Market day in Lubivne
Efrayim Lerner, Sefer izkor le-kehilat Luboml [Yizkor book of Luboml], Editor: Berl Kahan, Tel Aviv 1974 (H, Y, E 390 pages)
Whenever I reminisce about my hometown Libivne,
a day in the marketplace comes to mind. Libivne did not have a copyright on this image, for virtually every shtetl in Poland looked alike on that day, when peasants from the surrounding areas set out to the Jewish shtetls in order to trade. There were, however, several characteristics peculiar to each particular town, whether these had to do with personalities, merchandise, or other things. Well then, how did a market day look in Libivne?
The first thing a peasant did after arriving in town with his wagon was to unharness his horse, raise the shafts of the wagon, and turn the horse around to face the wagon, where a bunch of hay was prepared for it to chew on.
Whenever the horse began to neigh it was echoed by the lowing of the calves and the mooing of the cows; and the pigs did not wait too long to add their disgusting grunts. All these sounds flowed together into one "symphony." And into this choir the cries and the yells of the people fit right in. The noise was so great that it could make one deaf.
In the midst of all the hubbub came Itshe Driker with his sack of salt from the Russmans' wholesale store. His tiny horse was harnessed to a sort of small cart of boardsthree boards set on the four wheels and one board on each of the two sides. Itshe sat on top of it and bumped along the road paved with large stones, not sparing his little horse any whipping. If Itshe stopped whipping, the horse would stop in its tracks, for it was the kind of horse that would not move a step without a blow, as the many scars on its hide testified.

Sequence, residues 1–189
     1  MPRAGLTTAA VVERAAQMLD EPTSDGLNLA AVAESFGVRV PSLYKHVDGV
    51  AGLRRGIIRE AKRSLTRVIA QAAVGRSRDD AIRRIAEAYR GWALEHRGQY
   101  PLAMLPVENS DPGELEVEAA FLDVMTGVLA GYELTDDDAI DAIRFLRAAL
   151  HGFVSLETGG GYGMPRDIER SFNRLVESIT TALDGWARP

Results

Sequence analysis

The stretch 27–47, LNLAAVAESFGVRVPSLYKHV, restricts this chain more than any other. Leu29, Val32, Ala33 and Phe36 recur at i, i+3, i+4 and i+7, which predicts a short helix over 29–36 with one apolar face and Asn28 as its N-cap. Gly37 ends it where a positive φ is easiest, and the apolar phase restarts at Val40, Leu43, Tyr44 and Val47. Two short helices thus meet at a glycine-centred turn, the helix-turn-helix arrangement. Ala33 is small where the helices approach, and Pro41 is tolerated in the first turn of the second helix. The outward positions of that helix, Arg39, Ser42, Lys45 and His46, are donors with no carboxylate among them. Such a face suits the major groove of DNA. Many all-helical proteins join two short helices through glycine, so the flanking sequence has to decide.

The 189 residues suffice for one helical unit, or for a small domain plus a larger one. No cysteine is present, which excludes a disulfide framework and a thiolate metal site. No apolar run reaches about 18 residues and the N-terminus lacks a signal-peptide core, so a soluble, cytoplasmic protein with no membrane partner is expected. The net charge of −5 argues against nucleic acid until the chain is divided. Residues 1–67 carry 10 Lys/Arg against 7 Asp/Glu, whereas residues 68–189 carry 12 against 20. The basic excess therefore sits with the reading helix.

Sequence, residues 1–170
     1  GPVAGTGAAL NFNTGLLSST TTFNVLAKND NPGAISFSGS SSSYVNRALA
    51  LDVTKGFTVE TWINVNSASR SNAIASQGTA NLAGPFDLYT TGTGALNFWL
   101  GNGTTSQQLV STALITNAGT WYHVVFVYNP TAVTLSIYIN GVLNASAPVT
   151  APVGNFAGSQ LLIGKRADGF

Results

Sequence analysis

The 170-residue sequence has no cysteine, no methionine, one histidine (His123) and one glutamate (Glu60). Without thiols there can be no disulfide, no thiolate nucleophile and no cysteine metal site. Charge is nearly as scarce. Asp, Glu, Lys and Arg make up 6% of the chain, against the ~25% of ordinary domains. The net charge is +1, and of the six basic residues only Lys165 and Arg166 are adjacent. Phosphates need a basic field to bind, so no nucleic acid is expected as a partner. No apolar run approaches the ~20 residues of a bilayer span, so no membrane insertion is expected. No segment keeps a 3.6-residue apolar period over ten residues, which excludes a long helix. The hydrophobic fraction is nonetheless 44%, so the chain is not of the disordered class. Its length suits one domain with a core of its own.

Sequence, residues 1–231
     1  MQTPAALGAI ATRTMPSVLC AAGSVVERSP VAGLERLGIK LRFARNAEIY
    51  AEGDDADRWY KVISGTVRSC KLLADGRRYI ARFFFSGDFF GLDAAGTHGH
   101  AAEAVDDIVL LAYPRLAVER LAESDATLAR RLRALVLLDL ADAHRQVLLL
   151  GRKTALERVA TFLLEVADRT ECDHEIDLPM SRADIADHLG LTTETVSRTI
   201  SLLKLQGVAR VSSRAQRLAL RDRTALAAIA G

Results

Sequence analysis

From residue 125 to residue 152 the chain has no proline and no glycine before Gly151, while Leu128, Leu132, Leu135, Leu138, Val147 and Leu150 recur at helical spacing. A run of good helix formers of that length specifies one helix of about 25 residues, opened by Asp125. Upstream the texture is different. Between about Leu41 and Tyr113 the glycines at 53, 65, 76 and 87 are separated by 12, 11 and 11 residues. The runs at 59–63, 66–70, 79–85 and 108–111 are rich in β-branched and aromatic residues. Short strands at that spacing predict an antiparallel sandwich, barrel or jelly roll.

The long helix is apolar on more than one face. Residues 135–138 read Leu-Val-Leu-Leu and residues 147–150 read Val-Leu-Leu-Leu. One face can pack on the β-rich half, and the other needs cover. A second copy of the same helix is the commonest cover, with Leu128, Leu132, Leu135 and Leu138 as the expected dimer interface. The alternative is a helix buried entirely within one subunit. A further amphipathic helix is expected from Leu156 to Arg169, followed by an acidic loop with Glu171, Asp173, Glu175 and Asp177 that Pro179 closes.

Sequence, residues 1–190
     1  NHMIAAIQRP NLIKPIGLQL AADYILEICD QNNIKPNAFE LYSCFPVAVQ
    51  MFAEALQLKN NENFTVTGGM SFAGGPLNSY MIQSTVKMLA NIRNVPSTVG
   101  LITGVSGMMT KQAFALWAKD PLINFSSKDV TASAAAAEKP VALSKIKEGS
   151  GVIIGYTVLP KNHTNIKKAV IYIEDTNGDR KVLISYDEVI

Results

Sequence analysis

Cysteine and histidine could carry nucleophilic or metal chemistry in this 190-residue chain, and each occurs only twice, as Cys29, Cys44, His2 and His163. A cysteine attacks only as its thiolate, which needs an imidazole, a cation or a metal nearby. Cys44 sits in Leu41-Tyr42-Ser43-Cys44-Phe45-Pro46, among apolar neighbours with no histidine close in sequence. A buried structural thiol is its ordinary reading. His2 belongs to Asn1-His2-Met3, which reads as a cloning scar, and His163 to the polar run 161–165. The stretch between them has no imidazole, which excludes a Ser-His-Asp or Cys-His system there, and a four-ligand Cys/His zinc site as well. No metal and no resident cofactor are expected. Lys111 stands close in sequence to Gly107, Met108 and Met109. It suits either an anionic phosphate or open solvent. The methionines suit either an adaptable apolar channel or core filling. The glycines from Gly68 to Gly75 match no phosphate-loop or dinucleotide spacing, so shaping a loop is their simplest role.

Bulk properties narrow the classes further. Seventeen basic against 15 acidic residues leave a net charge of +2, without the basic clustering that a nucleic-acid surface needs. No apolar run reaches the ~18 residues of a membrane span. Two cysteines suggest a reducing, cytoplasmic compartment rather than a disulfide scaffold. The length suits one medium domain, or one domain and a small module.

Chayim Kichele was negotiating a sale of his clay pots in his wooden store at the end of Chelm Street. The peasant was testing one of the pots for a possible crack by tapping on it. The rag-dealers spread their goods in the middle of the market. Big peasant boots for men could be seen on a small counter. For women there were shoes made of hard leather, with yellow gussets attached around the buttons. Peasants were standing around the counters of the tailors, measuring the length of trousers by holding them against their chests with one hand, and extending the other end with the other hand.
We could see Chayim-Wolf Olesker and his sons in the area that had been especially designated for trading horses and cattle. Several horses were tied to his wagon. The oldest son, Yankl, was leading a horse back and forth, while the second son, Leyzer, was urging it on with his whip.
Chayim-Wolf, a broad-shouldered, happy, good-humored man, with his face framed by a short beard, slapped the peasant on his extended palm while telling him the price; the peasant slapped him back, bargaining over the quoted price. Suddenly, Chayim-Wolf's youngest son showed up with a flask that he had pulled out of a box in the wagon. When the peasant saw the whiskey, his eyes began to shine and he slapped Wolf's palm as a sign that the matter was settledthe horse was sold.
The market day was over in the afternoon. The wagons of the peasants began to leave the town, making a little less noise than in the morning. It was also more quiet at the city gates; there were no more inquiries by the retailers, yelling in Ukrainian, "What do you have to sell?" Each tradesman was now sitting at home drawing up the total of cash on hand or, even more important, of profit.
The shtetl became quiet. The rough day of running around and hard work was at an end. Most inhabitants, especially the merchants, had earned a profit for the coming week, and they could now go to sleep in a much happier frame of mind.
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